Increasing a horse’s weight and appetite (June 1, 2017)

Animal Science Update

By Carey A. Williams, Equine Extension Specialist, Rutgers University

Recently, I have gotten a few questions regarding increasing horse’s weight or about finicky horses and getting them to eat more.
I thought it might be worth sharing this information with all of you.
If you have a horse that is not the best eater, and just could use a few more pounds to look its best let’s first assume that you have already checked teeth and deworming program, if not, start there.
After those are in check, it is important to know that horses need to consume about 2-2.5 percent of their body weight, so through this article I will assume an average horse is about 1,000 pounds, therefore it should be eating about 20-25 pounds of food every day.
If you don’t already have a bathroom or kitchen scale, go to Walmart, or the like, and get one.
You will need it to measure the amount of feed you are currently feeding, hay and grain included.
Once you weigh the feed you will be able to get a better idea of where you need to go from there.
If amount of feed is adequate and hay is at least three quarters of the total ration, check the hay quality.
If horses don’t finish their ration of hay it leads me to believe that the quality is poor.
The forage should be a high quality grass variety; the type doesn’t matter as much as making sure that it doesn’t consist of a lot of stems or seed heads.
The hay should be softer with more leaves than stems.
This will basically tell you that the hay has more nutrients in it (i.e. protein, vitamins and minerals) than something very coarse with a lot of stems.
If you determine that the hay quality is decent, make sure there is at least 1.5  percent of body weight (15 pounds).
If fed free choice, monitor how much of the bale or how many flakes they would be consuming free choice then weight one flake and multiply from there to estimate the daily hay intake.
If the hay is both good quality and they are provided enough but just not eating it, you may have to try another forage source to make up for what they will not eat.
In this case I would recommend an alfalfa mix hay cubes or beet pulp.
You can feed both of these either dry or moistened in the same amounts you would need to make up the difference of what is not getting eaten.
So if only 10 pounds of hay is eaten you would give five pounds of cubes, etc.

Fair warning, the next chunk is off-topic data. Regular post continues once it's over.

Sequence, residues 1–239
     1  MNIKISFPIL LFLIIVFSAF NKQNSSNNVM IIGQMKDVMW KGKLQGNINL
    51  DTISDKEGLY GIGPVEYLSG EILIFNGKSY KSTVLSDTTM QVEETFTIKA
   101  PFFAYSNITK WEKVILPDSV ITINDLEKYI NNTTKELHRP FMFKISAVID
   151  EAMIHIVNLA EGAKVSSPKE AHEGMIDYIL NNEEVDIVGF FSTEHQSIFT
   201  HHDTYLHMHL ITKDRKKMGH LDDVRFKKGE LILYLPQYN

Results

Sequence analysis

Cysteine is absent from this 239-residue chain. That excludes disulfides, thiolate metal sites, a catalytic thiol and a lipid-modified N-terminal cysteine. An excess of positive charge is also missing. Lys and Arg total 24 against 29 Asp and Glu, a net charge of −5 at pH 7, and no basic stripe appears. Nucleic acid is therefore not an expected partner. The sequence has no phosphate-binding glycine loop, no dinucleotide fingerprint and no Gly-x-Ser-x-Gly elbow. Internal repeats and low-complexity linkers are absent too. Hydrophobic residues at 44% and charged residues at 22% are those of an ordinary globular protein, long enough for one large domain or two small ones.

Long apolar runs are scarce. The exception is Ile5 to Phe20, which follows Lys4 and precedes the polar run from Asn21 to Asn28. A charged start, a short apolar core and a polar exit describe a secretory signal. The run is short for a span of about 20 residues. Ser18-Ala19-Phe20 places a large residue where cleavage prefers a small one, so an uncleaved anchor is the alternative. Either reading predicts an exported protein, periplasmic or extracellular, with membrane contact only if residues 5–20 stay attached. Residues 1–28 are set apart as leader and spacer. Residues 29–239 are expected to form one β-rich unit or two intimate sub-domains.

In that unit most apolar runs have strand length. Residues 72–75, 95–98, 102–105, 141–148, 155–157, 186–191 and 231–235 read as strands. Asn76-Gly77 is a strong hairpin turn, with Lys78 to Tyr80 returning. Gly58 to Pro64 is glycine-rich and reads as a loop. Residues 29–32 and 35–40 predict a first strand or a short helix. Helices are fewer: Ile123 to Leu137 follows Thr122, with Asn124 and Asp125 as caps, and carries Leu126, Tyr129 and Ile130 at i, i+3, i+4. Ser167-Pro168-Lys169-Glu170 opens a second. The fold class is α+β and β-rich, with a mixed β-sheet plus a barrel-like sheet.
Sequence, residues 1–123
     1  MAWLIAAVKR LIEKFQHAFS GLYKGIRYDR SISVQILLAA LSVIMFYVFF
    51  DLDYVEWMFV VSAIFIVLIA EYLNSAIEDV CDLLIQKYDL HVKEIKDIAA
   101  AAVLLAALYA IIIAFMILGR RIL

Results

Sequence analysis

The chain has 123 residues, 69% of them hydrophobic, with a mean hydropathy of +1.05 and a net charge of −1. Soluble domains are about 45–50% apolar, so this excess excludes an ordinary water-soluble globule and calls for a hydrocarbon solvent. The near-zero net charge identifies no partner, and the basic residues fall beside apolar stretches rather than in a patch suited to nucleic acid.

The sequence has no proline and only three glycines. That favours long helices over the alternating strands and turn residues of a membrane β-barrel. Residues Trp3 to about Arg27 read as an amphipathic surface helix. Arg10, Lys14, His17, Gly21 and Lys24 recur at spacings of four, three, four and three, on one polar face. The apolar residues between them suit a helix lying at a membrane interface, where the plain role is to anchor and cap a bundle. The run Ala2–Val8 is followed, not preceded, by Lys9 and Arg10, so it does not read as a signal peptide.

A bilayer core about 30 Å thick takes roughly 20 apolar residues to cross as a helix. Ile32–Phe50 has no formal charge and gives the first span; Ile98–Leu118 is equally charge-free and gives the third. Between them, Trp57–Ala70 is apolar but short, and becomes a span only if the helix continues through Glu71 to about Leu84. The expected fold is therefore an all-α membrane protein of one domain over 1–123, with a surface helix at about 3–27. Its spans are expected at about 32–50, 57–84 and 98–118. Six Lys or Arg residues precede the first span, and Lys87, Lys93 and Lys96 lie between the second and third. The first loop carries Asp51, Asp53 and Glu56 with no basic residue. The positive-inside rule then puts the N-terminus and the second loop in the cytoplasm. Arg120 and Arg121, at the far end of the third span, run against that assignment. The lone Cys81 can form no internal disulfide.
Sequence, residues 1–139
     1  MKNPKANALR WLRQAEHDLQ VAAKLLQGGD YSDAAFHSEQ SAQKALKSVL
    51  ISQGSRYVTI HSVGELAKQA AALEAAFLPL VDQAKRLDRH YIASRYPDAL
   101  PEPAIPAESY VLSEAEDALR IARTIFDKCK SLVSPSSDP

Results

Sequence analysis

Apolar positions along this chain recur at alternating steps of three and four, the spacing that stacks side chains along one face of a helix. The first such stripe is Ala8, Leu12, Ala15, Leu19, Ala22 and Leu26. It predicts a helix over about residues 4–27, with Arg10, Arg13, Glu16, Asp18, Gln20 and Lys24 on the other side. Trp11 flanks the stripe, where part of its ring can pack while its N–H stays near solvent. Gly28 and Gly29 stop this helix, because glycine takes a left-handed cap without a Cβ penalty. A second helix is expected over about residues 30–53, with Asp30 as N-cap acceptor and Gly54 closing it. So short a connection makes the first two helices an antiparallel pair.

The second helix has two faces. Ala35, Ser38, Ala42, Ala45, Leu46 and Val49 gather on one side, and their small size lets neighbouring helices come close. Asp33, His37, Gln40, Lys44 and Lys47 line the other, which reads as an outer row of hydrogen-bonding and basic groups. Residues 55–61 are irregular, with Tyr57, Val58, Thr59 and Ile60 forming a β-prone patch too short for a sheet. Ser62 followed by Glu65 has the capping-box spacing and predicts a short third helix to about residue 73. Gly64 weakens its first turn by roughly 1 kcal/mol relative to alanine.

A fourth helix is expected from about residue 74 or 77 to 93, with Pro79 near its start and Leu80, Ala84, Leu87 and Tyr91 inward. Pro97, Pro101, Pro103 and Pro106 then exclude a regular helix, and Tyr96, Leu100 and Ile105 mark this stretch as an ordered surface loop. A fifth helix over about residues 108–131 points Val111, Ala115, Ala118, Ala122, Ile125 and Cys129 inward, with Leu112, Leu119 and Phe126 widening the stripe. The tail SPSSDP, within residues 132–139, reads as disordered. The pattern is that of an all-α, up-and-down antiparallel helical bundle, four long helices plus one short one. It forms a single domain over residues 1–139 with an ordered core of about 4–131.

The remainder of diet can be in grain or other concentrated feeds.
Depending on how much exercise the horse is getting weekly try to keep this portion around five pounds or less.
Some horses will pick through grain like they are uninterested.
If this is the case you could try another type (for example, textured-versus-pelleted).
You could also try top dressing it with a fat supplement.
Rice bran is nice because rarely will a horse reject it and it is also high in fiber.
Adding rice bran will increase the fat content in the feed and will create more energy for weight gain without the effect of a high sugar diet (or no hyperactivity).
The average horse can have about a pound or two per day, but different types of rice bran vary so it is also good to read the recommendation on the bag.
If the rice bran says it is ‘stabilized’ that just means it is fortified with a higher level of calcium since natural rice bran is typically low.
Remember you need to be careful when adding fat to the diet; you should increase the amount slowly over about two weeks.
Try this for a few month and monitor body condition and weight (using a weight tape).
As with any horse, you should not be able to see ribs, but you should be able to easily feel them when running your hand down the side.
The top line should also have fat cover without bulging or rippling.
If the condition still does not change or the horse is still not eating, adding straight alfalfa to the diet might do the trick.
It is higher in nutrients than a typical grass hay.
Something to note…alfalfa does not create a hyper or ‘hot’ horse if fed right.
Alfalfa it just higher in protein, vitamins, minerals, and a little more energy; protein will be good for the condition and the energy will help weight gain.
Again, same as with the rice bran, introduce the alfalfa very slowly will also help prevent possible diarrhea due to a rapid change in feed source.